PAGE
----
December 9, 2014
For a group widely considered to be one of the best string quartets in the world, I was pleasantly surprised by the Takács Quartetʼs humble sound. By that, I mean that in the afternoon’s program of Beethoven’s Op. 130 Quartet in B-Flat and Mozart’s G Minor Viola Quintet, the group played together without individual ego. Their sound was soft and delicate — with each member of the ensemble concerned completely with blending to make something larger, instead of being heard individually.
Even while playing at Cal Performances’ enormous (for chamber music) Zellerbach Hall, they kept their volume at an intimate level that would have been perfectly lovely in a cozy living room. From the eighth row I could hear them just fine, but friends seated in the balcony reported having trouble hearing the inner voices. Some of the quartet’s delicate softness was lost in the big space.
The trend among quartets these days leans toward musical democracy with all the voices being equal. But the fact of the matter is that, especially in Beethoven and Mozart, it’s more like an “enlightened monarchy,” with many of the movements practically like concertos or virtuosic etudes for the first violin.
The second movement Presto, in the Beethoven, had titillating dynamic energy. From the stage-whispered opening argument to the scratchy, three-note fortissimo surprise, it was the essence of Beethoven — dramatic, angry, fun.
The Takács seems to embrace this reality, with the lower three voices (violinist Károly Schranz, violist Geraldine Walther, cellist András Fejér) yielding sound and ego space for first violinist Edward Dusinberre, who embraces the role without letting it get to his head.
Dusinberre was dressed in a black shirt, tucked out for freer upper-body movement. (The practice of making classical musicians wear constraining tux jackets and suffocating bow ties is way past due for abolition.) He played with amazing facility and virtuosity that didn’t come off as showy. Though he has a habit of dramatically swooping his bow outward to finish phrases, there is a good technical reason for this — it allows for a gentle taper without losing momentum.
The second movement Presto, in the Beethoven, had titillating dynamic energy. From the stage-whispered opening argument to the scratchy, three-note fortissimo surprise, it was the essence of Beethoven — dramatic, angry, fun. In the infamous cavatina movement the four musicians huddled together, leaning closer to each other’s space to hear every minute nuance of timing and intonation. The B-Flat quartet has two alternate endings: the enormous, metaphysically challenging Grosse Fugue or a more pleasant and lightweight yet still heavily contrapuntal Allegro. The Takács opted for the latter this Sunday afternoon.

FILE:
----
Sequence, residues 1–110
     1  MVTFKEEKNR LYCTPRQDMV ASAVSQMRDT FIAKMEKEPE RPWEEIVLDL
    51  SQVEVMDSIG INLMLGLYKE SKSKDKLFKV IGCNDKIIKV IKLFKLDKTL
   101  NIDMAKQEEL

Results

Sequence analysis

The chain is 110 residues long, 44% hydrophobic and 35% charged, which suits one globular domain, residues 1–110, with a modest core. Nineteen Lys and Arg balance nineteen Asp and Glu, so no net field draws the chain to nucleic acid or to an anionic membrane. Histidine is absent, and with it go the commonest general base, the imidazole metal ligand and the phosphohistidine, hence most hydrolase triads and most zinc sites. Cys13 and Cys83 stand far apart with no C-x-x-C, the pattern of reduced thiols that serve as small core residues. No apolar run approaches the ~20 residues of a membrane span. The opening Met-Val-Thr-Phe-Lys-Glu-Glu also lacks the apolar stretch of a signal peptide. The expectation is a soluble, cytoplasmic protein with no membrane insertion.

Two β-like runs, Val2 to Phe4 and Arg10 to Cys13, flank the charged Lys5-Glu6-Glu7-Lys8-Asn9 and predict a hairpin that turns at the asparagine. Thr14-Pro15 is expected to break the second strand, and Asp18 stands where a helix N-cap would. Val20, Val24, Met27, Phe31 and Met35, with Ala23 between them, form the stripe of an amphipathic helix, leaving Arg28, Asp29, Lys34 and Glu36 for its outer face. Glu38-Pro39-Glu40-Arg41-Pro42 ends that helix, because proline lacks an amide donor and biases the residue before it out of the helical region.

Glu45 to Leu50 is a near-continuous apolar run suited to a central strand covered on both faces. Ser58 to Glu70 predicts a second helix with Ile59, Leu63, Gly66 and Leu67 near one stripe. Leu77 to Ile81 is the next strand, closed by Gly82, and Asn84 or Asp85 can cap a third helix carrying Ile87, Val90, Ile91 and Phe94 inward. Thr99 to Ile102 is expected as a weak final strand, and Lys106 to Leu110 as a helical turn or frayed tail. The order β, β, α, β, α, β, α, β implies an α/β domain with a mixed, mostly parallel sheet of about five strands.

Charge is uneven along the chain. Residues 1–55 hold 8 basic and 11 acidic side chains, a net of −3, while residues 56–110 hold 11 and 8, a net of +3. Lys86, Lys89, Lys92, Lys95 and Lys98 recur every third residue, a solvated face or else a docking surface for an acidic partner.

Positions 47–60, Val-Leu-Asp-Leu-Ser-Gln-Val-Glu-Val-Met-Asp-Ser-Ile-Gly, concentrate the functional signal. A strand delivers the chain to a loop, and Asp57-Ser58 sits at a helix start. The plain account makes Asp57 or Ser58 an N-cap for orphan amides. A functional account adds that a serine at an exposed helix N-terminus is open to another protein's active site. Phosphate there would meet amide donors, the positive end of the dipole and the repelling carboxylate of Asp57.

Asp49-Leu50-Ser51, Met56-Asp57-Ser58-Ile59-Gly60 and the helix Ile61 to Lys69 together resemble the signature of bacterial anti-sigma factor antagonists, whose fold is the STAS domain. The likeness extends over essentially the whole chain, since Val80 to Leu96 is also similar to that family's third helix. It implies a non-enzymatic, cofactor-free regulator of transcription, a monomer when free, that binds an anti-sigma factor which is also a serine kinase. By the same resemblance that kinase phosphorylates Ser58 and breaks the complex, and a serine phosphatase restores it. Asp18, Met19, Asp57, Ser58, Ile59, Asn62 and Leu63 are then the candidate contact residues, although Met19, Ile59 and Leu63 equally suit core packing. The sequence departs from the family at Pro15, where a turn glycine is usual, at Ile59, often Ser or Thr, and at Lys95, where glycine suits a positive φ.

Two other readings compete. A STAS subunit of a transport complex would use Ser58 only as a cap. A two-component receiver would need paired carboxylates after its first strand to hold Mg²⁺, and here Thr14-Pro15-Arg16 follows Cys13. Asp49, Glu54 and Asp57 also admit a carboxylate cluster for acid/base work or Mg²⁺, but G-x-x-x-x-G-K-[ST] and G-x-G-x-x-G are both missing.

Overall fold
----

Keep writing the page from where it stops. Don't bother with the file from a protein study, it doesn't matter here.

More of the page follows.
In the viola quintet, Walther played the viola solos with loads of vibrato, for a rich but undulating tone that blended well with the quartet’s overall dark and subdued sound.
In the first movement there are measures where everybody plays something different. The first violin has runs of sixteenth notes. The second violin and first viola play staggered iterations of the theme. The second viola plays long singing notes and the cello plays joyous arpeggios in a skipping rhythm. Thanks to the Takács’ transparent and yielding ensemble philosophy, all of these elements were clearly heard.
I remember having played this piece ten years ago while studying at the San Francisco Conservatory of Music. Mark Sokol, who passed away last week, was coaching us. He spent almost the entire lesson on a few phrases at the end of the first movement. Mozart stretches the intervals on the low end, pulling the pickup note downward until it reaches the low G string. I recall Sokol saying that this low G was his favorite note in all of chamber music. I was listening for the note, and indeed when it came, Dusinberre gave it an extra-growly tug with his bow, sending shivers down my spine.
Guest violist Erika Eckert was a natural fit with the Takács, blending into the hushed ensemble by leaning over to support Walther’s sound for most of the piece, and coming out for those nasty C-string grumbles in the slow movement.
String instruments weren't designed to be very loud. They were intended for small indoor venues, and they sound best when the bow warmly massages the string. It was comforting to hear the Takács play in such a fashion while simultaneously achieving such a delicious, cohesive sound.